Wednesday, November 27, 2019, 15:30-17:00
Grote Gracht 80-82, Attic (3rd floor)
Faculty of Arts & Social Sciences
The ‘Union Académique Internationale’: a laboratory of scientific diplomacy during the interwar period
Université libre de Bruxelles/Maastricht University
Created in 1919 as a means to restore international scientific cooperation after the First World War, the Union Académique Internationale (UAI) acted as a counterpart for the humanities and the social sciences of the International Research Council (IRC), which had been solely designed for the advancement of natural and exact sciences. In sharp contrast to the history of the IRC, which has been covered extensively, the UAI remains a relatively unknown body (though it is about to celebrate its 100th anniversary with great pomp).
Set up under the impulse of French archaeologists Théophile Homolle (French School of Athens, Collège de France) and Edmond Pottier (Louvre Museum), the UAI managed to attract the membership of 11 countries, the bulk of them being part of the Allied powers. The newly-launched institution adopted an internationalist claim that differed from the IRC in two respects. First, due to the nature of the fields involved, it conveyed a strong colonial outlook. This was materialized by the selection of three overarching projects, whence scholarly dimension intertwined with the civilizing “values” of member-nations: the Corpus Vasorum Antiquorum, the Alchemical Manuscripts, and the publication of the Works of Hugo Grotius (the latter project is an interesting case in point as it was a concession to the Dutch partners, who were reluctant to chip in the enterprise). The second key feature of the UAI’s internationalist modus operandi concerns its specific attitude toward German scholars and members from the Central powers. Contrary to the statues of the IRC, the by-laws of the UAI never explicitly banned the adhesion of Germans. On the other hand, French and Belgian hardliners were able to impose French as the institution’s only working language. This, needless to say, undermined the internationalist assertion of the UAI and provoked its transformation of an arena for scientific diplomacy.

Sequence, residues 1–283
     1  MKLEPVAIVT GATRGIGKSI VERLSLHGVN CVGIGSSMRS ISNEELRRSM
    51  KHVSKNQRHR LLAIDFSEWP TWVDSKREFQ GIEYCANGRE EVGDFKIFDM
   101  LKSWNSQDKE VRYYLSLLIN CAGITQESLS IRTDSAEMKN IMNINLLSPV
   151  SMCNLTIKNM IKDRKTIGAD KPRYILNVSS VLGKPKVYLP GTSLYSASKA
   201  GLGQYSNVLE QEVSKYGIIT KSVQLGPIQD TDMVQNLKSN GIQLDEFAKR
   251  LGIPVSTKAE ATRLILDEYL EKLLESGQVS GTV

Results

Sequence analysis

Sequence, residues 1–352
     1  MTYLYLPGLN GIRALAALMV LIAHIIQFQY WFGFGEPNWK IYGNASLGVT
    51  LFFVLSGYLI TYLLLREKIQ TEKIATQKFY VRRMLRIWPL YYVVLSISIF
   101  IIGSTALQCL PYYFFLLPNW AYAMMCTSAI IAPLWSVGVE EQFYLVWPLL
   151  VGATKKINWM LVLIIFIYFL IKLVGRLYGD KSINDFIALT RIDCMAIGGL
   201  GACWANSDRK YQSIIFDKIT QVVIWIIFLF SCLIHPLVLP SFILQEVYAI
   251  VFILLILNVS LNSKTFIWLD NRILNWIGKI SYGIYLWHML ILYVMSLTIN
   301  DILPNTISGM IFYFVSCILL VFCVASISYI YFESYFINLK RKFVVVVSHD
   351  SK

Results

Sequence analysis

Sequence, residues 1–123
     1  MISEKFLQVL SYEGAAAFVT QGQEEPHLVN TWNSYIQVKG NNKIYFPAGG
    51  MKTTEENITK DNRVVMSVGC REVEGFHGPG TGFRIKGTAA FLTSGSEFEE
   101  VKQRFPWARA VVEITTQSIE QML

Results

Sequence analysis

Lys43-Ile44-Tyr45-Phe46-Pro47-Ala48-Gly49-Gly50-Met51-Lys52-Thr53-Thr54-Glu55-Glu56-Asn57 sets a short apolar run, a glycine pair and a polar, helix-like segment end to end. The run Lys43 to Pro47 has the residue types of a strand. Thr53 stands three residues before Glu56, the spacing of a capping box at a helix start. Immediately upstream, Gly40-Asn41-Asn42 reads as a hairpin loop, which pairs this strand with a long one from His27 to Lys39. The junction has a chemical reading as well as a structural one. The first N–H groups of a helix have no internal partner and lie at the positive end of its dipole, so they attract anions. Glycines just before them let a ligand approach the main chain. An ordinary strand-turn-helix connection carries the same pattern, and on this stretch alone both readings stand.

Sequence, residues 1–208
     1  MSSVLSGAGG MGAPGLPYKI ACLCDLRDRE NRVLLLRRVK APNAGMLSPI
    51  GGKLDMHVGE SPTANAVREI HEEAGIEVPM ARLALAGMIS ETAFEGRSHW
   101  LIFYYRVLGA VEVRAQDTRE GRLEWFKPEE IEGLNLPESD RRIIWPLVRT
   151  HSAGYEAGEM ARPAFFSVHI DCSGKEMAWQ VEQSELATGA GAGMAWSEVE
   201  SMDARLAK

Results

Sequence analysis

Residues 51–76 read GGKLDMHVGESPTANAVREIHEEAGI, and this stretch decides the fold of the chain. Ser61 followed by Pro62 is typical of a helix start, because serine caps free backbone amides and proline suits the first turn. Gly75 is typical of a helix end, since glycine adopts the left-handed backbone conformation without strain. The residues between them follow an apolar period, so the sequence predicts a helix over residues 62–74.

Kenneth Bertrams is professor at the Université libre de Bruxelles (ULB). In early 2019 he has been appointed extraordinary professor at Maastricht University-FASoS through an endowed chair by the Stichting Historie der Techniek (SHT). He teaches modern economic history and social history of science and technology. He took part in a research project on the history of the Solvay Company with Nicolas Coupain and Ernst Homburg (1863-2013) which gave way to two books (Cambridge UP, 2013). He has recently completed a business history of the pharmaceutical group UCB (Lannoo 2018) and of the multinational brewer AB-InBev (Oxford UP, forthcoming December 2019). His other research interests include the international circulation of philanthropic models and the political history of scientists during and after World War I.